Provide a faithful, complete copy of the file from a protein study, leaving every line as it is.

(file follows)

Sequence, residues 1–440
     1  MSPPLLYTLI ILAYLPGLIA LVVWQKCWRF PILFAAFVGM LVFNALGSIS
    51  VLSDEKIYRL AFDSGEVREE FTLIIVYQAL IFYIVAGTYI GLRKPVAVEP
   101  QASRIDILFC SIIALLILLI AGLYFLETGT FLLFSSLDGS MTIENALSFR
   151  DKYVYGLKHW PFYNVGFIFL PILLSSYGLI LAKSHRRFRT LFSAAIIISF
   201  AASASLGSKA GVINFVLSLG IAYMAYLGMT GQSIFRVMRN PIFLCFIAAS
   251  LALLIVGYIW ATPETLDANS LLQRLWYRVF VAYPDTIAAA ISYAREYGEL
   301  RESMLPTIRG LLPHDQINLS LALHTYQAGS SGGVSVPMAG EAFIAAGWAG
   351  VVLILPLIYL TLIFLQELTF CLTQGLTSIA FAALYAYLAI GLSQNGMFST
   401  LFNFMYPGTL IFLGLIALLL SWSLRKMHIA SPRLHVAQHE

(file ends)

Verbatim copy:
Sequence, residues 1–440
     1  MSPPLLYTLI ILAYLPGLIA LVVWQKCWRF PILFAAFVGM LVFNALGSIS
    51  VLSDEKIYRL AFDSGEVREE FTLIIVYQAL IFYIVAGTYI GLRKPVAVEP
   101  QASRIDILFC SIIALLILLI AGLYFLETGT FLLFSSLDGS MTIENALSFR
   151  DKYVYGLKHW PFYNVGFIFL PILLSSYGLI LAKSHRRFRT LFSAAIIISF
   201  AASASLGSKA GVINFVLSLG IAYMAYLGMT GQSIFRVMRN PIFLCFIAAS
   251  LALLIVGYIW ATPETLDANS LLQRLWYRVF VAYPDTIAAA ISYAREYGEL
   301  RESMLPTIRG LLPHDQINLS LALHTYQAGS SGGVSVPMAG EAFIAAGWAG
   351  VVLILPLIYL TLIFLQELTF CLTQGLTSIA FAALYAYLAI GLSQNGMFST
   401  LFNFMYPGTL IFLGLIALLL SWSLRKMHIA SPRLHVAQHE